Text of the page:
Have you signed up for our last Zoom talk?
As Lockdown comes to an end (fingers crossed) and the publishing industry slows for the summer we are giving our Zoom events a summer holiday as well.
Not to worry though, we will be back in the Autumn discussing timely issues from our upcoming releases. If anyone has checked our YouTube channel recently they may have noticed the minor rebrand of our Zoom talks as our Talking Points series. We’ve chosen this new title particularly to differentiate from any other types of Zoom events we may host in the future... (watch this space!)
For our final talk we’ve picked one of the biggest, knottiest and it seems ever-relevant contemporary issues: Brexit. Now we are guessing there might be some of you which might be thinking really? Brexit? still? And the answer is yes, now that Brexit has happened (for better or worse) we believe it is vital to ask what this Brexit-future holds, particularly for future generations of Britons.
We will be asking Our Children and Brexit: What’s Next for their Future? (< click the link to sign up!)
We have curated a fantastic panel of guests for this:
Tim Luscombe is a celebrated theatre director and playwright whose plays have gone from the West End to New York. Learning German (badly) is his first book and it chronicles his experience as an Englishman who works in England but lives in Berlin in Germany. With Brexit he needed to get German naturalisation status and to do that he needed to learn German and it goes badly. What he writes is a witty and deeply personal engagement about what it is to be English in a 21st century multicultural globalised world.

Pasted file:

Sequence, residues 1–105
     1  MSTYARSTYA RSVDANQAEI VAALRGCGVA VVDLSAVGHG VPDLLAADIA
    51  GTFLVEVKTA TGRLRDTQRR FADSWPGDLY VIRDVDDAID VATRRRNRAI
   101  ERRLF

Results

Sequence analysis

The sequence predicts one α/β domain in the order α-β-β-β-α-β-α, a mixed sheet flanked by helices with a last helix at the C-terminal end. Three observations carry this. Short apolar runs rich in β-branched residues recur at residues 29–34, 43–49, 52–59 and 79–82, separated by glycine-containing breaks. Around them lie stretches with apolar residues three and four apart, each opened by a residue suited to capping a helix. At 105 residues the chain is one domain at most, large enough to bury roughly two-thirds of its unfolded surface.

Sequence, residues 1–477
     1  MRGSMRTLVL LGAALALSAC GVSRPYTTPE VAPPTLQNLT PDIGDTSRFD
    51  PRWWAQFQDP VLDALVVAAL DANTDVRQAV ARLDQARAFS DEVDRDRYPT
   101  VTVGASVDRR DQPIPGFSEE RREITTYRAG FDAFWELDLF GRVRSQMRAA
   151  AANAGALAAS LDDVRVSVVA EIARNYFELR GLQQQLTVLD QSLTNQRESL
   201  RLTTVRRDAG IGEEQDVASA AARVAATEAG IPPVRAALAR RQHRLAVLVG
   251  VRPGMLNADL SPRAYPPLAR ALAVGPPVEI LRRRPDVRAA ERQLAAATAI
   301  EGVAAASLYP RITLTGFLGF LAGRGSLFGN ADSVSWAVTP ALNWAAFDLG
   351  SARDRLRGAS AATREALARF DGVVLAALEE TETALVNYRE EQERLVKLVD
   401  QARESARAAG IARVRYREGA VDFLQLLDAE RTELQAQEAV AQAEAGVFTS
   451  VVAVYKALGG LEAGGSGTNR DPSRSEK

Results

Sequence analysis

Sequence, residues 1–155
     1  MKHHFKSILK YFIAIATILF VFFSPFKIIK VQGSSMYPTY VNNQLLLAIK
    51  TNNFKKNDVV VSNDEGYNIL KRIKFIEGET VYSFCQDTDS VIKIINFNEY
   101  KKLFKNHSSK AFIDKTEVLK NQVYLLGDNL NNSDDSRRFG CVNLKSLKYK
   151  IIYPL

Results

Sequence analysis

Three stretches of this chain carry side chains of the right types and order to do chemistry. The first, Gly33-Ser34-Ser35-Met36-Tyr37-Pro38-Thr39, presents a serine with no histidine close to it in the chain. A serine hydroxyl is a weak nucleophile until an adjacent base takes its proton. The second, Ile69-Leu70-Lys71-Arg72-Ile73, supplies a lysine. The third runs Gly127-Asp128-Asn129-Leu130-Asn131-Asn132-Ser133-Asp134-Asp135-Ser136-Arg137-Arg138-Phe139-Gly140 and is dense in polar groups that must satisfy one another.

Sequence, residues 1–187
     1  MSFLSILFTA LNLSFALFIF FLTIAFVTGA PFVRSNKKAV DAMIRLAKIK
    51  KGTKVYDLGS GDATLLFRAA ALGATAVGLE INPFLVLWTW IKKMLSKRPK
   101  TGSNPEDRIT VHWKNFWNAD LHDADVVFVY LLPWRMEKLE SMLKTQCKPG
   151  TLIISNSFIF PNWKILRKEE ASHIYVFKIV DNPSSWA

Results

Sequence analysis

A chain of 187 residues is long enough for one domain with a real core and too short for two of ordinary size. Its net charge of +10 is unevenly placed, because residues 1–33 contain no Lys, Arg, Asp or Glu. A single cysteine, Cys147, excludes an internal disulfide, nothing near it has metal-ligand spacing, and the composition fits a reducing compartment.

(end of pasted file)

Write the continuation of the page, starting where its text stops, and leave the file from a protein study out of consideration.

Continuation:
Dr Sevasti-Melissa Nolas is a sociologist and Senior Lecturer at Goldsmiths College here in London. Melissa's research focuses on the relationship between childhood and public life with a long-standing interest in childhood and youth participation. Most recently she led a large international study in childhood and public life in three cities, London (UK), Athens (Greece), Hyderabad (India) that was funded by the European Research Council, that looked at the encounters, experiences and engagement of younger children with public life including politics.
Denis MacShane has worked as a journalist and political activist all his life. He was a football reporter for the BBC, the youngest ever president of the National Union of Journalists, and MP and Minister for Europe, and predicted the Brexit vote in his 2015 book Brexit: How Britain will Leave Europe. He has has written books on politics in France, Poland, South Africa and the Balkans and on global anti-semitism. He has four children who're born in Switzerland and France when he worked and lived on the continent and a brand-new grandson born in February in Lewisham.